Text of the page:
Alice Herron-Ray says
Didn’t quite get the words right, but its close
Your Harry Lauder’s Walking Stick will respond to layering much easier than it will to cuttings, but it will root from cuttings. It’s just that the success rate is not that great. More details here http://www.freeplants.com/homemade-plant-propagation.htm
I love the pics, they’re just beautiful! We don’t have that much snow down here in the Akron, Ohio, area, just the bitter cold;)
I too am very appreciative of all the gardening tips you give, and also believe that you “reap what you sow”! Keep those tips coming, I really need all the help I can get, I do not have a green thumb . . . Have a wonderful day, and stay warm . . . heard we have 6-10″ more snow coming tomorrow into Wednesday this week with another cold snap, whoohoo. Is it SPRING yet???
Good morning to you!
I really love your site and everything I have learned from you, I have a question my sister has a Japanese magnolia saucer is a very beautiful tree n she had it for many many years since she bought her house, now she is planning to cut it all and I very sad about it, could I cut a branch from the tree and plant it? The weather here is a bit cold at night but still sunny during the day(California ).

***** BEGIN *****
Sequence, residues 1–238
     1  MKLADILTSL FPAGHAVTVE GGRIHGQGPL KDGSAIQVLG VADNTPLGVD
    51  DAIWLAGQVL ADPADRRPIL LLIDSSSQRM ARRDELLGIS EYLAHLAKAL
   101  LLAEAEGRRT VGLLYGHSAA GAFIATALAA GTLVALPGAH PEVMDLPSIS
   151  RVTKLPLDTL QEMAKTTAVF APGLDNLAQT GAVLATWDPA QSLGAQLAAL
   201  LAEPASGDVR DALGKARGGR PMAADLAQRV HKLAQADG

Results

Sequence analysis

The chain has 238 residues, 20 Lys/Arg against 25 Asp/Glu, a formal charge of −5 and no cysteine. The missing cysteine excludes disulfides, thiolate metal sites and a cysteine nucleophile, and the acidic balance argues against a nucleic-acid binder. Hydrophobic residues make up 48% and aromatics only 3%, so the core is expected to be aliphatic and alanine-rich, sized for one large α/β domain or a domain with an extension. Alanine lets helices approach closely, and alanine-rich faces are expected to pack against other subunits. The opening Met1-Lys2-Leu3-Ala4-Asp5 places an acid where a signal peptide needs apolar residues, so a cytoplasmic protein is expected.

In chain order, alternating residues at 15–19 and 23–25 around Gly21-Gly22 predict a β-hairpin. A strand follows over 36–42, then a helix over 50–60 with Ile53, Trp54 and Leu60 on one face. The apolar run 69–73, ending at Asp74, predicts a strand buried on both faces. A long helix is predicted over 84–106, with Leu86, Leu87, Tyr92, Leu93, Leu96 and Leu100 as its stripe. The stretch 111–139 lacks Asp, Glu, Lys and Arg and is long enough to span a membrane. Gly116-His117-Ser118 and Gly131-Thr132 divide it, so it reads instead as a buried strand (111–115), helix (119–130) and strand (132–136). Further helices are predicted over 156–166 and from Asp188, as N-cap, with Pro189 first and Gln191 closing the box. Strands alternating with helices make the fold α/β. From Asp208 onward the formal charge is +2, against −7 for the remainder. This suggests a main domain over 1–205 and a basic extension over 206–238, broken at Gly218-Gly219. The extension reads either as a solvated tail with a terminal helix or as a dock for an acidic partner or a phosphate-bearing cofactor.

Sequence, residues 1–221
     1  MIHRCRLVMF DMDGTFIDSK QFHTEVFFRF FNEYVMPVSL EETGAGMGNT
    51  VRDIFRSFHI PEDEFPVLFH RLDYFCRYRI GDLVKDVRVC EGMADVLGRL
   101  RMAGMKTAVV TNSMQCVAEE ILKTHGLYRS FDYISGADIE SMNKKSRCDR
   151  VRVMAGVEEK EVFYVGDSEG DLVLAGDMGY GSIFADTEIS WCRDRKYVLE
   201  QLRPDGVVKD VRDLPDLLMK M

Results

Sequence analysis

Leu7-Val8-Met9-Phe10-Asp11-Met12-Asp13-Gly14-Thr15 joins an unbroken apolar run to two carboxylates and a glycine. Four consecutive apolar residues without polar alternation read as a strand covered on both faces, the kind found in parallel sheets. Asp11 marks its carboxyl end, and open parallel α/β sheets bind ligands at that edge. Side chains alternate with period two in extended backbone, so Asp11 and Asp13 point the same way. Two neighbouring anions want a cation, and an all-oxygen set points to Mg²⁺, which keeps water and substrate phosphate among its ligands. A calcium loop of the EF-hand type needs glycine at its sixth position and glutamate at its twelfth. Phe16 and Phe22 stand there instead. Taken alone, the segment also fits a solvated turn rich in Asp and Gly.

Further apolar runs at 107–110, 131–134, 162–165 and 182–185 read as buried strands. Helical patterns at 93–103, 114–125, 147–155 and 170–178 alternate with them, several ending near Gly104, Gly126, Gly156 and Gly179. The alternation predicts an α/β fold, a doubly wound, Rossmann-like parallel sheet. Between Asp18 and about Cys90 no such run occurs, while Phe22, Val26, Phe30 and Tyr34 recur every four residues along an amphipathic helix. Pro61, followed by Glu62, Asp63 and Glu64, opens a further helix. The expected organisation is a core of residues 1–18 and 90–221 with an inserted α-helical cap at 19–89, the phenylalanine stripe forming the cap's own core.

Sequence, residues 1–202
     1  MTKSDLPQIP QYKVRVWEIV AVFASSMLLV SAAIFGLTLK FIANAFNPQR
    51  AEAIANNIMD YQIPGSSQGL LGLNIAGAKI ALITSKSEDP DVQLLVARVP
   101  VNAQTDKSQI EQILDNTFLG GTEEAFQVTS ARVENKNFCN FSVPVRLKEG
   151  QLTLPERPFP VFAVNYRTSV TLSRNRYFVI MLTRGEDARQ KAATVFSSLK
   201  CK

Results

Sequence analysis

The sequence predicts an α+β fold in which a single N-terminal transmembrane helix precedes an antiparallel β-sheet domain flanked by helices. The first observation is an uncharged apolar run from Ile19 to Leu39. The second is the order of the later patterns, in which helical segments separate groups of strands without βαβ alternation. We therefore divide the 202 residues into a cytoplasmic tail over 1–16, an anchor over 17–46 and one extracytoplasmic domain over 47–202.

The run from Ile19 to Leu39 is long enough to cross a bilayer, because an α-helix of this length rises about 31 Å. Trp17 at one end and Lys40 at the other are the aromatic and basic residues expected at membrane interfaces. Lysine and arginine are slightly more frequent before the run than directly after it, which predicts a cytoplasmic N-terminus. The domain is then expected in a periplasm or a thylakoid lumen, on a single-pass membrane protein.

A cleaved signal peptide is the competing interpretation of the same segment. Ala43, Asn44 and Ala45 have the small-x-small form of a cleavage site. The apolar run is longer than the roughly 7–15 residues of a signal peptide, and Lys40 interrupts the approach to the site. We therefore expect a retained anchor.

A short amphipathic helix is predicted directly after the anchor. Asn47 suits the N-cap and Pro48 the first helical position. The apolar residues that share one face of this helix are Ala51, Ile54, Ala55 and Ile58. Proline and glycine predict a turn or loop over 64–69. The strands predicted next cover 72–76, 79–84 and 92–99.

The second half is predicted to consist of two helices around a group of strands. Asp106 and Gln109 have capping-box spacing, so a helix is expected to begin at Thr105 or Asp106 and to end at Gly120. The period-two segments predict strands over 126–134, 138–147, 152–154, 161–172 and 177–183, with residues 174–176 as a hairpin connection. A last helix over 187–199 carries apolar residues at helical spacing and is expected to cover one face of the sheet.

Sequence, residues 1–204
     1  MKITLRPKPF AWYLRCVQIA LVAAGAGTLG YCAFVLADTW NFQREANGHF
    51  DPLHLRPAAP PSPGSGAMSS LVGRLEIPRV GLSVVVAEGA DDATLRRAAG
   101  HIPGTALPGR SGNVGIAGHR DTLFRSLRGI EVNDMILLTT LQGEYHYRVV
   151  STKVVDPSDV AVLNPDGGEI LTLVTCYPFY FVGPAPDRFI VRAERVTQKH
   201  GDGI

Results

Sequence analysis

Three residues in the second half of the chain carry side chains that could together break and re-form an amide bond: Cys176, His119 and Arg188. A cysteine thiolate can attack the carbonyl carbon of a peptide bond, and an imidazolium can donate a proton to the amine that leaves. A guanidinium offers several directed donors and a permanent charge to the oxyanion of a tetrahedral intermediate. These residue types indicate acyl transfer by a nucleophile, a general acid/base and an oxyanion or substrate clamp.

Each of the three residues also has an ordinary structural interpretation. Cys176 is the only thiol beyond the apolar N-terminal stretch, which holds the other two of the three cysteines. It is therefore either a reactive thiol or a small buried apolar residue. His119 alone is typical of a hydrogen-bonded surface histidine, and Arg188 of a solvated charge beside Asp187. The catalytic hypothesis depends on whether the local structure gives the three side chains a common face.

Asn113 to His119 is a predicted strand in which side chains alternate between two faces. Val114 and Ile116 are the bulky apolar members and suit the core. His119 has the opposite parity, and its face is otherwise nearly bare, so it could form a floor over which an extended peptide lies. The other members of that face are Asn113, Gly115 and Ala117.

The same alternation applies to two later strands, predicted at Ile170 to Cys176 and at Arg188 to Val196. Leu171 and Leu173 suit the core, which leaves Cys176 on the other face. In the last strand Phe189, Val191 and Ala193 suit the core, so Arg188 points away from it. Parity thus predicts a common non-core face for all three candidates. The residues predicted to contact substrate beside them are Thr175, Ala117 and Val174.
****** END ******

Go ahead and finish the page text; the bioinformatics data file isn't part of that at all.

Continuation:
Thank you for everything you teach us, and may God always be by your side.
You can try now, just a six inch cutting. Take many of them. But ideally if you can wait until early summer you’ll have much better success doing this http://www.freeplants.com/homemade-plant-propagation.htm
PATTI LAW-POGGI says
DEAR MIKE, I THOUGHT HARDWOOD CUTTINGS HAD TO BE COVERED IN WHITE PLASTIC BAGS?? (DISHPAN) – I SEE YOURS ARE JUST OUT IN THE OPEN GROUND. WHAT IS THE DIFFERENCE?
That’s not the case at all. The plastic bag thing is really for softwood cuttings.
Charline Jolly says
Thanks for the beautiful snow pictures. We lived at Lake Tahoe wen my children were babies, and I remember the hush after a snowfall. So beautiful!. Mike, are you still losing weight? You look so much younger. You and Dustin could be brothers!
Thanks Charline. My goal is to maintain my weight. Probably wouldn’t hurt to lose a few more pounds, gained a few over the winter.
Rosa Jones says
Wow, I remember snow like that when I grew up in Germany. I’m in the South now and we get too much rain. Thank you for your interesting articles. Always enjoy reading them or looking at them on Youtube . Thanks Mike for lots of great videos. Learned already a lot.
Have a great Day …… Rosa